Lufthansa, BASF Announce New Surface Technology
In a joint news release, German airline company Lufthansa and global chemical company BASF announced the roll out of its latest surface coatings technology, inspired by sharks.
Created by Lufthansa Technik and BASF, the innovative solution is slated to be utilized on all Boeing 777 freighters starting in 2022.
Using nature as a role model, Lufthansa Technik and BASF have developed a surface film that mimics the fine structure of a shark’s skin. The aerospace coating, dubbed AeroSHARK, is reported to lower the frictional resistance of an aircraft in the air, ultimately lowering fuel consumption.
“Responsibility for the environment and society is a key strategic topic for us,” says Christina Foerster, Member of the Executive Board of Deutsche Lufthansa AG with responsibility for sustainability. “We have always played a leading role in introducing environmentally friendly technologies. The new sharkskin technology for aircraft shows what strong and highly innovative partners can achieve collectively for the environment. This will help us to achieve our goal of climate neutrality by 2050.”
Although on a much smaller scale than Boeing 777 freighters, the aviation industry has been reportedly researching the use of sharkskin for many years. In 2019, Lufthansa Technik and BASF fitted almost the entire lower half of a Lufthansa Boeing 747-400's fuselage with 500 square meters of such a jointly developed sharkskin surface and had this modification certified by EASA. As a result, the aircraft was noted to have savings potential on scheduled long-haul services during more than 1,500 flight hours.
The test thus proofed that emissions could be reduced by around 0.8% thanks to the sharkskin modification. The savings are validated using a software for fuel consumption analyses developed by Lufthansa Technik, which allows the effectiveness of a wide variety of different aircraft modifications to be demonstrated reliably based on comprehensive data.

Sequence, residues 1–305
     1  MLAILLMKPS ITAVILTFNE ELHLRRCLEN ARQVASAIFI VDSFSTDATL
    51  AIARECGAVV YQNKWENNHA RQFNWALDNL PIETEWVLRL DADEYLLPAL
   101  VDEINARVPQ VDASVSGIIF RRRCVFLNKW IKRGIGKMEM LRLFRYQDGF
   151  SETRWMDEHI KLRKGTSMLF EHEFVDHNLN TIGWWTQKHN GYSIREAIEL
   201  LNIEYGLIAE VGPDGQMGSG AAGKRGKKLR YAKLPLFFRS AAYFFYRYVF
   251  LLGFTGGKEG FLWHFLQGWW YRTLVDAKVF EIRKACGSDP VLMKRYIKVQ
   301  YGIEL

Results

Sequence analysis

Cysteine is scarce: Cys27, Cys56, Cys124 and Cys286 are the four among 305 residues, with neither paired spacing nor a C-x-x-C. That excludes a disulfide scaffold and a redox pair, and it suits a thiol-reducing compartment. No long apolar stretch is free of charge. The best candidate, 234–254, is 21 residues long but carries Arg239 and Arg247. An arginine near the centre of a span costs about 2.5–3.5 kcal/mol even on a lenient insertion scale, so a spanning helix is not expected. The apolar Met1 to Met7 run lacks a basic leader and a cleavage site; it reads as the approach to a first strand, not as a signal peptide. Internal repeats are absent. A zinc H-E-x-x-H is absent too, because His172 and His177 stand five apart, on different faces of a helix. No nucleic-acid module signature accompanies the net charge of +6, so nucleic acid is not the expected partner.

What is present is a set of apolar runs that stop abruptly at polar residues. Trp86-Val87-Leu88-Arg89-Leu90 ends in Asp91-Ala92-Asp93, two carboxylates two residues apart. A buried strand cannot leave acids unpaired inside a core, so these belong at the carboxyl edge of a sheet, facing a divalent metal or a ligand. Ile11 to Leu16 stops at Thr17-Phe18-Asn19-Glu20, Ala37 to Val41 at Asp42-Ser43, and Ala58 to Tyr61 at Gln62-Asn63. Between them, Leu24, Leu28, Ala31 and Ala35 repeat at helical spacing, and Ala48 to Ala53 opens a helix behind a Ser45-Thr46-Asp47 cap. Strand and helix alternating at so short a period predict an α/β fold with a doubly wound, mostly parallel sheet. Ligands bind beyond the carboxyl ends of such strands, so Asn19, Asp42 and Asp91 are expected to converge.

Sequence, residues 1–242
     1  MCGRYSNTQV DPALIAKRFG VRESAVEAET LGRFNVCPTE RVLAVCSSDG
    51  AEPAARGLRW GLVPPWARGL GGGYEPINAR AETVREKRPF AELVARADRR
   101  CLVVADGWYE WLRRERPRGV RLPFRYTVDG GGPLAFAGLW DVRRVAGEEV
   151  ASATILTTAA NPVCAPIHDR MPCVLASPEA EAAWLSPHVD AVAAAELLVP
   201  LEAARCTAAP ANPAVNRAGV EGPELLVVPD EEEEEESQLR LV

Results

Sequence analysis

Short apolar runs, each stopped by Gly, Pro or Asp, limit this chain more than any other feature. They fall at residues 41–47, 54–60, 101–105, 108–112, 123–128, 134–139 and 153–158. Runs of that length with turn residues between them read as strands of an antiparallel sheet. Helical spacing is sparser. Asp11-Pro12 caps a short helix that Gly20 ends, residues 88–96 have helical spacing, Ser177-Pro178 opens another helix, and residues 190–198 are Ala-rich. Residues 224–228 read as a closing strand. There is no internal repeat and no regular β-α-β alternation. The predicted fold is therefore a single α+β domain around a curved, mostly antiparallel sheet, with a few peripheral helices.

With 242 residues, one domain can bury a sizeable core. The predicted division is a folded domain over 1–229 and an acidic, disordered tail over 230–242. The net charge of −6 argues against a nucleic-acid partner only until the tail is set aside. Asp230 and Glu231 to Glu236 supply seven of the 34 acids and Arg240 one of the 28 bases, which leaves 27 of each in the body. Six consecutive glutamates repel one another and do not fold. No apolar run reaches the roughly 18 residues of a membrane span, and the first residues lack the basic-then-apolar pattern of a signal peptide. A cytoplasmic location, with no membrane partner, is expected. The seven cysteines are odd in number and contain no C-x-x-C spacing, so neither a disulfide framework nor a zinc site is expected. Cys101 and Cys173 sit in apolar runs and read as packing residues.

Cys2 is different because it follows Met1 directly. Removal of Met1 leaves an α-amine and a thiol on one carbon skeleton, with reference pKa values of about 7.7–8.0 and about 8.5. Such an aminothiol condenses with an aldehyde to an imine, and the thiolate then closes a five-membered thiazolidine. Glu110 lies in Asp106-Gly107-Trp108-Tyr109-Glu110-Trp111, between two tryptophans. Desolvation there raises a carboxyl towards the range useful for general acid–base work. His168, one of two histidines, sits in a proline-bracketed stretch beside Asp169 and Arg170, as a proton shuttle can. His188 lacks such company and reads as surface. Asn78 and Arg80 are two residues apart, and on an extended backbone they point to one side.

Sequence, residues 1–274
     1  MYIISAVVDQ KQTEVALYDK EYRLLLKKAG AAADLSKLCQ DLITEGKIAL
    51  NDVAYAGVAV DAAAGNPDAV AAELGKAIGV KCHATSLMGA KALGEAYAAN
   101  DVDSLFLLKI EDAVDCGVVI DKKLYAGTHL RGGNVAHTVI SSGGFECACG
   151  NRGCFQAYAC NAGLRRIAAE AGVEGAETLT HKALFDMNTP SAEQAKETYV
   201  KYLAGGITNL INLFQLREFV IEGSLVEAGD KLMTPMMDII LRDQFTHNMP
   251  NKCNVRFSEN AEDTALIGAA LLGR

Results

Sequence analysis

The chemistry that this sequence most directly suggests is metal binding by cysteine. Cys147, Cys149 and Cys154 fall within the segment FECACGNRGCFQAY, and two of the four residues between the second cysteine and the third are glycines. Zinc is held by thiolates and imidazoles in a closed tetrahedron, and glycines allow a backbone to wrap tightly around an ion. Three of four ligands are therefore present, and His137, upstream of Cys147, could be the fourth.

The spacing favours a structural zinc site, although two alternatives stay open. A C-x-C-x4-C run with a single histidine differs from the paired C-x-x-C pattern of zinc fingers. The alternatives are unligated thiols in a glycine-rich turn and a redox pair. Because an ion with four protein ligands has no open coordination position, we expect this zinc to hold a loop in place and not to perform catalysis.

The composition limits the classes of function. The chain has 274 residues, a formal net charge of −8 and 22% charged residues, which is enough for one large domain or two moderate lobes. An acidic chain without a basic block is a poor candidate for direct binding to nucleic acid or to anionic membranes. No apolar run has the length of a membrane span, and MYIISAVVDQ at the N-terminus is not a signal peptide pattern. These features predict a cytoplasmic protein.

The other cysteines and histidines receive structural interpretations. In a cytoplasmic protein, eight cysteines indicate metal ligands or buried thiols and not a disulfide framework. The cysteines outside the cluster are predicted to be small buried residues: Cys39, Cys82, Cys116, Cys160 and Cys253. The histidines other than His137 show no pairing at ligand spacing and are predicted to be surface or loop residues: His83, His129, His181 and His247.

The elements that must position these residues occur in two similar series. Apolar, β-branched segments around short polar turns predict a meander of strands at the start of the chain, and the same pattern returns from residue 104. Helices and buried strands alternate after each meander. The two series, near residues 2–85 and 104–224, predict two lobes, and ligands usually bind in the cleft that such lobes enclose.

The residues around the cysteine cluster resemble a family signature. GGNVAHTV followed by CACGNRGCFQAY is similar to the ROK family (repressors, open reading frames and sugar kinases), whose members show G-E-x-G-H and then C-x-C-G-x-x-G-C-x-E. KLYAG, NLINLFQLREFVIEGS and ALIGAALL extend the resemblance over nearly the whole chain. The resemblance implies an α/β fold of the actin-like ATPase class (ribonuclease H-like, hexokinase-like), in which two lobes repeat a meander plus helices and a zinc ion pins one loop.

Consisting of riblets measuring around 50 micrometers, the film optimizes the aerodynamics on flow-related parts of the aircraft through its imitation of sharkskin properties, making aircrafts more economical in addition to reducing emissions. For Lufthansa Cargo’s Boeing 777F freighters specifically, Lufthansa Technik estimates a drag reduction of more than 1%.
For the entire fleet of 10 aircrafts, Lufthansa Technik translates the percentage to an annual savings of around 3,700 tons of kerosene and just under 11,700 tons of CO2 emissions, which is the equivalent of 48 individual freight flights from Frankfurt to Shanghai.
“We are proud that we will now be able to operate our entire freighter fleet even more efficiently in the future thanks to sharkskin technology and reduce the carbon footprint of our modern fleet further. The investments we have made in rolling out AeroSHARK at Lufthansa Cargo consciously reaffirm our commitment to the United Nation’s sustainable development goal on climate action,” explained Dorothea von Boxberg, Chief Executive Officer of Lufthansa Cargo AG.
According to the release, Lufthansa Technik, in its cooperation with BASF, plans to obtain a Supplemental Type Certificate (STC) for the 777F from the European Union Aviation Safety Agency (EASA), which is required for operation. The company is noted to have already been backed by decades of experience as an approved aviation design organization. For AeroSHARK, Lufthansa Technik is responsible for the material specification, approval by the aviation authorities and performance of aircraft modifications carried out as part of regular maintenance layovers.